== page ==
Never before has a company been so focussed and honest about its target audience at the design stage. The original X-Trail was designed with snowboarders as a key demographic, just as the winter sport was booming in Nissan’s Japanese home market. Quite whether the young people attracted to the hills ever bought, or could afford X-Trails is a moot point, but the large, easily accessed boot is thanks to their needs and equipment. Seven years on Nissan introduced this ‘all new’ X-Trail, it obviously thinking it had a winning design formula, as Nissan admits to a “styling evolution as demanded by the customer”. It talks openly about recognising the key qualities of its predecessor, too.

In a world of curvaceous off-roaders the X-Trail is pleasingly unashamed of its ruggedness, its chiselled, flat panelled lines, large headlamps and tough looking roof bars refreshingly honest in a world where crossover cuddliness has become the norm. It’s a proper 4x4 and Nissan is evidently not ashamed for it to look like one.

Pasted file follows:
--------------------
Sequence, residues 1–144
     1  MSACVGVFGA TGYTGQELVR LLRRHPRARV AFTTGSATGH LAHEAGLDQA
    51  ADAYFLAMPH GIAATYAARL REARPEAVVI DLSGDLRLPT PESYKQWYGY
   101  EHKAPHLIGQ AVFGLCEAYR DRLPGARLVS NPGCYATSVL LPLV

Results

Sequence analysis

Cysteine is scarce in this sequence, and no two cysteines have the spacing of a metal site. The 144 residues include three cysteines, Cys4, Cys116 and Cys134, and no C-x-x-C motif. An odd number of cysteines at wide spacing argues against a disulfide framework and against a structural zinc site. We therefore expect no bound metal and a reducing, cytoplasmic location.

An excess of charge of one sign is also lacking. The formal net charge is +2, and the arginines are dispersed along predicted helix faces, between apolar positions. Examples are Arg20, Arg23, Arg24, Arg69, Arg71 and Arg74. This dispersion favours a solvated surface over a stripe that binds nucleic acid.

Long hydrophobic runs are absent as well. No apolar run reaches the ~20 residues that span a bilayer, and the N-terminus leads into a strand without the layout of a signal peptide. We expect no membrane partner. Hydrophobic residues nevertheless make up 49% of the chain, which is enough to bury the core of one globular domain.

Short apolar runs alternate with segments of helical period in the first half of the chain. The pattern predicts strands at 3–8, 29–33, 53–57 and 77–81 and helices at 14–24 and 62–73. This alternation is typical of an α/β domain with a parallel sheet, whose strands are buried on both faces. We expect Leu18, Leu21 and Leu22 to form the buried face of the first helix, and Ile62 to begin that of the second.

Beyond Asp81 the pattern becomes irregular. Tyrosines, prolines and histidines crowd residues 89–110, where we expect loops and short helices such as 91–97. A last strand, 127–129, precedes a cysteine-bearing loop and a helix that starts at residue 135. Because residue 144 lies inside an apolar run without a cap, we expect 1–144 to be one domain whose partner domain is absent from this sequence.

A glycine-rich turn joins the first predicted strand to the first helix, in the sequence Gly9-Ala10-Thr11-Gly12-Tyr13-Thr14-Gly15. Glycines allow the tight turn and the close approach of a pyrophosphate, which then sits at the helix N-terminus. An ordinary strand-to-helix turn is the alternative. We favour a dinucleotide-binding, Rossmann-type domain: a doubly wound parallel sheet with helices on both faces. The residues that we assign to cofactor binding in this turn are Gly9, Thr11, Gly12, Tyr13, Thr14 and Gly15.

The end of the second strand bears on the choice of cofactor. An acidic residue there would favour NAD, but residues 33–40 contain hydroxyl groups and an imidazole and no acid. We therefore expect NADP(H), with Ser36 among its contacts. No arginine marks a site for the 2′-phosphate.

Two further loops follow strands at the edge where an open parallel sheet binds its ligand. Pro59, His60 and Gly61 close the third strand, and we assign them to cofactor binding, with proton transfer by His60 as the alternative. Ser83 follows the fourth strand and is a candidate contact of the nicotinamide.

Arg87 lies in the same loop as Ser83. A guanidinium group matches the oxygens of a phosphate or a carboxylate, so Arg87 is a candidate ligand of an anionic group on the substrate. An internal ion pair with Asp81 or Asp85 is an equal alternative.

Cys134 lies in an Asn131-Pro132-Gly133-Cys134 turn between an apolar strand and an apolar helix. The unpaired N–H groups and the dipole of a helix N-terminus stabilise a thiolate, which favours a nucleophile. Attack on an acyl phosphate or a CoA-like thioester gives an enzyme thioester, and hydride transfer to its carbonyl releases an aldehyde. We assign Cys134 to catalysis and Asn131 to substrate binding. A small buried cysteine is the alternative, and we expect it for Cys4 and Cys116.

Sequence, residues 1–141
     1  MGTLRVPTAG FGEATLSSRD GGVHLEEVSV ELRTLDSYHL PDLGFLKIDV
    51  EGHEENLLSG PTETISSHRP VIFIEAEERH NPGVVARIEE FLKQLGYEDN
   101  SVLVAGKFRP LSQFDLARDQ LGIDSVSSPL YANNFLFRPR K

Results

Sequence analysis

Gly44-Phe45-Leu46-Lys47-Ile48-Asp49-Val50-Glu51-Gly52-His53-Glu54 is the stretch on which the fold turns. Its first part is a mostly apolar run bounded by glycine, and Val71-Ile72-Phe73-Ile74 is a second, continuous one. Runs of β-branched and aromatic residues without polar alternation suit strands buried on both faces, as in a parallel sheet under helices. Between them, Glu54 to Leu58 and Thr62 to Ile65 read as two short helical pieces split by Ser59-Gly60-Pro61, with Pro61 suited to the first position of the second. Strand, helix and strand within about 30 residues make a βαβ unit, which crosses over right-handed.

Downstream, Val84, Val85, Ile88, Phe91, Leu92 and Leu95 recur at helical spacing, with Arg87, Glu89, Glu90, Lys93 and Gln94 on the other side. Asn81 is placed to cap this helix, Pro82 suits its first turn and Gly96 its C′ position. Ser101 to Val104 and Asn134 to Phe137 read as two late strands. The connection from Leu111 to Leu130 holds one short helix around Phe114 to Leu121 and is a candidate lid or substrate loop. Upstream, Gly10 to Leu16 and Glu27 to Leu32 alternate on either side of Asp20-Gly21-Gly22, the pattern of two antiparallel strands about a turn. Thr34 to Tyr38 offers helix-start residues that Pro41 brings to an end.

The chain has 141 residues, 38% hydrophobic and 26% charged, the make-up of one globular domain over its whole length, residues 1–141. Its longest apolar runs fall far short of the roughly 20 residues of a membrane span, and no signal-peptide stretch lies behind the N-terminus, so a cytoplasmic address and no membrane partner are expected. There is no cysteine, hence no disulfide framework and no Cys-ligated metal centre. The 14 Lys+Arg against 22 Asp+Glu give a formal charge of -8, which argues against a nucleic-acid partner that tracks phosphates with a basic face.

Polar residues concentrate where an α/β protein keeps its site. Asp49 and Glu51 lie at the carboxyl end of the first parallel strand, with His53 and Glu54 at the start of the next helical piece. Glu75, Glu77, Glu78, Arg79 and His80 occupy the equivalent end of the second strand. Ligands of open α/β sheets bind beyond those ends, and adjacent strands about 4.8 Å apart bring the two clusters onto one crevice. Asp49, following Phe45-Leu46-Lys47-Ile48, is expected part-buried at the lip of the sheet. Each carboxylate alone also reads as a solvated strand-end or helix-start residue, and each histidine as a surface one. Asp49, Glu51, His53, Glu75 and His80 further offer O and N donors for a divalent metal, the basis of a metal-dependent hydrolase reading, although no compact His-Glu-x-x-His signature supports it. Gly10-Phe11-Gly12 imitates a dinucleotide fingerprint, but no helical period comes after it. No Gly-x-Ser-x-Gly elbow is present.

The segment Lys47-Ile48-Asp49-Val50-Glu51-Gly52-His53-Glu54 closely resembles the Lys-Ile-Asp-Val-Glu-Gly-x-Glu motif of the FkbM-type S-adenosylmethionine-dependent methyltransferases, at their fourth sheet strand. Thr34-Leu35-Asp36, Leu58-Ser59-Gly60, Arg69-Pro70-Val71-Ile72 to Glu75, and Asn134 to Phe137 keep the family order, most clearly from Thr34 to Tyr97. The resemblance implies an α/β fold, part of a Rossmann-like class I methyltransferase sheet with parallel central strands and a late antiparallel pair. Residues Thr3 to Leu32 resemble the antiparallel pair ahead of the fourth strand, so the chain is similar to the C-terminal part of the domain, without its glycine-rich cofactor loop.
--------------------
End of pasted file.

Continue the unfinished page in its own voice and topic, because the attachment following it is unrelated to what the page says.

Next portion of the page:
Steve Cropley Autocar

Steve Cropley

Editor-in-chief
It might not have the kerbside appeal of a Freelander, but the X-Trail cuts it in the real world.

Revisions for the 2011 model year include a redesigned front grille and rear light clusters, though like all the changes evident on the X-Trail throughout its lifetime they’re relatively subtle. So it won’t perhaps turn heads like a Honda CRV might, nor does it have the sort of upmarket cachet of a Land Rover Freelander, but if you like your cars to wear their role on their sleeves then the X-Trail is just the thing.

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